looking especially heterosexual
Tuesday, April 17 2001
Today was Julian's last day as my co-worker. He's worked at this place for nearly three years, starting out as some punk teenager who participated in online chats and ending up as a project manager for Data Systems, not bad for a high school dropout. Anyway, in terms of career, he has nothing lined up and will probably end up doing a lot of serious slacking at the cheap studio apartment he shares in Silverlake with his girlfriend Linda.
After work today I rode my bike down to the Circle Bar just outside of Venice to retrieve my Chase Manhattan Mastercard, which I'd left there on Sunday night. I wasn't there long before the guys setting up the stage recognized me as the guy "who we had to kick out Sunday night." The bartender chick seemed sort of annoyed as she went off to retrieve my Mastercard, but when she came back she was all full of friendly helpful advice about another card I should get so I'd receive frequent flyer miles (yeah, I already have that card). I wonder if her sudden change of attitude was related to the fact that my card was in fact a Platinum card. In Los Angeles, nothing speaks quite as loudly as a status symbol.
The guys in the Circle Bar, including the manager and the DJ who'd I'd ticked off on Sunday night, were all really cool to me despite the fact that I'd been kicked out on Sunday. Evidently I'd almost knocked over his turntables when I'd been dancing. He compared my behavior to "playing hockey." After I expressed interest in leaving a tip (they'd already closed out my card), they were even friendlier, saying I seemed like a nice enough guy when sober. "Well, it was my friend, he egged me on!" I said in an effort to deflect some of the blame. The manager agreed, "Well, I'm sure he did." (He emphasized "he" in a knowing way, as if to tip me off that he knew that we're gay and it's perfectly fine with him.) Just before leaving, I confessed, "Man, I was on all kinds of... stuff... that night!" "I'm sure you were!" agreed the DJ.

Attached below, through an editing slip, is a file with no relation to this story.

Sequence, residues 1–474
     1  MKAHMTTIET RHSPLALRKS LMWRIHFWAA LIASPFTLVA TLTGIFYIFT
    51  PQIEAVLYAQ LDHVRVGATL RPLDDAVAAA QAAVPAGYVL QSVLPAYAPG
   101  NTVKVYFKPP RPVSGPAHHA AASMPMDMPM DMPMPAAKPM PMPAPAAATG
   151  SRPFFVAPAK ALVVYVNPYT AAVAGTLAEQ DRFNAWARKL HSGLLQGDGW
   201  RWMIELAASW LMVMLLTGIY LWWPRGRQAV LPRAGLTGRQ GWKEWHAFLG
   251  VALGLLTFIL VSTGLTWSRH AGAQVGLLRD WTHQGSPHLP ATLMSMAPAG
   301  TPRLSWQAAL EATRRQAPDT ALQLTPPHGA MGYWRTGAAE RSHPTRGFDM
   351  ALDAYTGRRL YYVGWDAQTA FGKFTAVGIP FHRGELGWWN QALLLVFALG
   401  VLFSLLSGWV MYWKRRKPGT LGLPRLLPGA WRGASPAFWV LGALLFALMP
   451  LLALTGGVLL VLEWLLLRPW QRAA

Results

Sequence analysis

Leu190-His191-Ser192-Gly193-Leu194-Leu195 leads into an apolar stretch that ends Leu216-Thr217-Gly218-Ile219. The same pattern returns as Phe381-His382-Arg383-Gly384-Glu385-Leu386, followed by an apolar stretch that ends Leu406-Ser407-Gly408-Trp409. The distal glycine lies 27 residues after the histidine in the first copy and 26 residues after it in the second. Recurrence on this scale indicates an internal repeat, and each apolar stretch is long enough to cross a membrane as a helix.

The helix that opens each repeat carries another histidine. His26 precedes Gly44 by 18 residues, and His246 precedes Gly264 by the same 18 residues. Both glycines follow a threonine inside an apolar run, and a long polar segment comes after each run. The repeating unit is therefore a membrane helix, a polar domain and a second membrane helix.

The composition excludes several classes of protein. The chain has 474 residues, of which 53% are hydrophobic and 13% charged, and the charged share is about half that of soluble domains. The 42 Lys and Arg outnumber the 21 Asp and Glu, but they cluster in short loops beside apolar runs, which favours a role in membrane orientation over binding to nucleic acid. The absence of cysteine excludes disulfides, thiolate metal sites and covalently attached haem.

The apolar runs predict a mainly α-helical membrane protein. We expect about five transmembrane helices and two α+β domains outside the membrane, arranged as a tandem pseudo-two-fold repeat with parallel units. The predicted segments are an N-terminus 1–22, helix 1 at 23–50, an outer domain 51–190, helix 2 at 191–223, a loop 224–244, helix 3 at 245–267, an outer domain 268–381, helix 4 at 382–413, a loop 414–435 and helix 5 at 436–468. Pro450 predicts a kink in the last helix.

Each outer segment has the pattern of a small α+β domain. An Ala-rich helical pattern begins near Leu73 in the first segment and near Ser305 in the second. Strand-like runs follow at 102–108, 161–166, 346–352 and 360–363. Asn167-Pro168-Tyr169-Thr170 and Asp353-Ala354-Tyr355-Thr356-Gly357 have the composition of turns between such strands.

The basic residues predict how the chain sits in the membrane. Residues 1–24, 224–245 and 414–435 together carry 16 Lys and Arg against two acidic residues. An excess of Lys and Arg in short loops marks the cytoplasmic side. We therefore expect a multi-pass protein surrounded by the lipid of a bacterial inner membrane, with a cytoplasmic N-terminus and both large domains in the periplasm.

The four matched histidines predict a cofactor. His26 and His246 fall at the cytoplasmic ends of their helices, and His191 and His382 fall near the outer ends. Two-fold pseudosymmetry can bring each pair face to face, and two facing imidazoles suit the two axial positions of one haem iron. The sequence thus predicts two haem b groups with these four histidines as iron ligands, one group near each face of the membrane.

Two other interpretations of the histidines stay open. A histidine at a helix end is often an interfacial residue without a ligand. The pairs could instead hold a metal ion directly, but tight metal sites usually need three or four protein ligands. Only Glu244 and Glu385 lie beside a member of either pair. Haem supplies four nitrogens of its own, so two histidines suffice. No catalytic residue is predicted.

Julian had told me that he and some of his friends would be concluding his last working day at a place called Jokers a block "west" of the intersection of Pico and Stewart. Wanting to participate, I rode my bike to that general area, but the only place I could find was a fancy restaurant called Josie's. So I checked a block east of Stewart and sure enough, there it was, Joker's.
Joker's is an extremely authentic dive bar, complete with pool tables, unenforced smoking rules and an all-male heterosexual white trash clientele. I ducked inside to see if Julian was there with his chums but he wasn't, just a couple of working stiffs filling out their plaid shirts and faded blue jeans, standing around a pool table but not playing, sipping on piss yellow American beer. In stark contrast, I wasn't looking especially heterosexual myself; my hair had been styled by bike ride breezes into a flattering coif and I was wearing that slightly-too-small brown women's jacket with fake fur collar that I like to wear. Julian, the fucker, must have been fooling when he told me to come to this place. As I turned to leave, the homophobic patrons hooted after me, "Yeah, you're glad you didn't come in here!"
Pedaling my bicycle across the parking lot and through the alleys of the neighborhoods just to the northwest of Jokers, I realized in a way I hadn't really before how different this part of Santa Monica is from the hoity-toitiness near where I live. Out in the alley there was a big hunk of non-Hispanic white male sporting a permed mullet without a trace of irony. He was doing some yard work, which consisted of pushing leaves away from the front of his garage with a sharply-directed stream of water.
My housemate John had cooked a hotly sweet el dente pasta dish for himself and Chun, and I joined him in eating it when I got home.
Later Gretchen called and we tried to have a phone conversation, but I was in a bad mood and didn't feel like dragging her down. This was mostly, I've subsequently realized, related to the fact that she kept saying "It's not all about you," every time I brought up an example from my personal experience to shed light on things she was telling me.
(It turns out that Julian wasn't fooling around when he told me to go to Joker's; I just arrived too early. Bathtubgirl went there and she had something to say about it too.)
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